This blog is for everyone who uses words.

The ordinary-sized words are for everyone, but the big ones are especially for children.



Friday, 19 August 2016

Word To Use Today: giraffe. With ossicone as a bonus.

The giraffe (or cameleopard, if you're feeling historical) is the tallest living animal, hurray, and the tallest part of the tallest living animal are its ossicones, which are the little horn-like things it wears between its ears.

File:Giraffe.JPG
photo by Sergio Cambelo

Giraffes are extraordinary in many ways. They have traditional calving grounds so they can leave their new-borns in a sort of nursery when the mothers want to go off and feed. They smell of home-made insect-repellent. They neck - though not, as with humans, when they're courting, but when they're fighting off rivals.




Astonishingly, there's some evidence giraffes can relay information across great distances, perhaps by making sounds at frequencies too low for humans to hear (they snore at low frequencies, too, but as far as we know that doesn't have any special meaning).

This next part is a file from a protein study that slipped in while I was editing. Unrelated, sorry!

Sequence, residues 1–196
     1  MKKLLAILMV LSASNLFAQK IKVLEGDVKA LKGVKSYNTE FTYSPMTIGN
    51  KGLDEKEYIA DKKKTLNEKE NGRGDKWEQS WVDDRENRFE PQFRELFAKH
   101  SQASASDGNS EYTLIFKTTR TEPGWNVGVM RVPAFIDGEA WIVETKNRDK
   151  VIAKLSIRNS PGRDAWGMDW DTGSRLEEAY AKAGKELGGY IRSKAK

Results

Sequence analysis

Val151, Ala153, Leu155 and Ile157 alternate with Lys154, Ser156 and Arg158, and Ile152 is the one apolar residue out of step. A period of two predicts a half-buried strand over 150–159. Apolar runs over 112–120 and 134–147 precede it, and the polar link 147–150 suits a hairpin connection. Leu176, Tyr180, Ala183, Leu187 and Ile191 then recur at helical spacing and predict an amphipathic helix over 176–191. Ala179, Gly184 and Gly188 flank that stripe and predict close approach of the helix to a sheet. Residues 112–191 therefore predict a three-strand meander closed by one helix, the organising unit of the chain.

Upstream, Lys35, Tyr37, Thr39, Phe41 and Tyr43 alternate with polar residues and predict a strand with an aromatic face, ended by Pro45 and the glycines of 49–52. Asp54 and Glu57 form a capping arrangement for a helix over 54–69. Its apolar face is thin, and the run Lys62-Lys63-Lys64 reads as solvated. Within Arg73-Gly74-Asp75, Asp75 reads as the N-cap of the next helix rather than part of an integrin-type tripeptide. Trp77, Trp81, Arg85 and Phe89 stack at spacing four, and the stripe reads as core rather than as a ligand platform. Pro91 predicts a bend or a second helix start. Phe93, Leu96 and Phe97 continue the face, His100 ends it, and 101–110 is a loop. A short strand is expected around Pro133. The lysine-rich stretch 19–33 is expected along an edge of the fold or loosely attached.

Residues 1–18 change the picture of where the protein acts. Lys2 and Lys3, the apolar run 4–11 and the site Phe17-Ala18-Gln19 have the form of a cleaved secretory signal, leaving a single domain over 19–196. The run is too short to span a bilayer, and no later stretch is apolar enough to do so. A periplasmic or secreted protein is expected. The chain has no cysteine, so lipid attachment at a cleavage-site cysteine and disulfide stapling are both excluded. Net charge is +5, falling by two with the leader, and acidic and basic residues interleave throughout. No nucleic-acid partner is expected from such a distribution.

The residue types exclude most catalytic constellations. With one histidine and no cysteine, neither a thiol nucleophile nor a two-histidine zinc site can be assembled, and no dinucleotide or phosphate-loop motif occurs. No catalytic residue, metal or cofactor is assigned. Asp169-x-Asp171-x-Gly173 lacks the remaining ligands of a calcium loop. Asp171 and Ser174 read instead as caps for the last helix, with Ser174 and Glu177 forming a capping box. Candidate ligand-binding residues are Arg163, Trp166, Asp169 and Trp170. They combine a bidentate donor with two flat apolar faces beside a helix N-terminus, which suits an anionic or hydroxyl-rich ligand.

Giraffes are jolly useful even when, sadly, dead. If you want to cure a nose bleed, then the smoke from a burning giraffe skin is said by the Bugunda people to help (this is at least as sensible as putting a cold key down the back). If, like the Humr people of Sudan, you consume a drink made of a giraffe's liver and bone marrow you are very likely to see the ghosts of giraffes

No, you are, really. It's almost certainly something to do with the psychoactive substances found in a giraffe's acacia-leaf diet.

No wonder they always look so spaced-out.

Word To Use Today: giraffe. This word comes from the Arabic zarāfah. Cameleopard arose because the animal does look a bit like a mixture of a camel and a...but you're there before me. 

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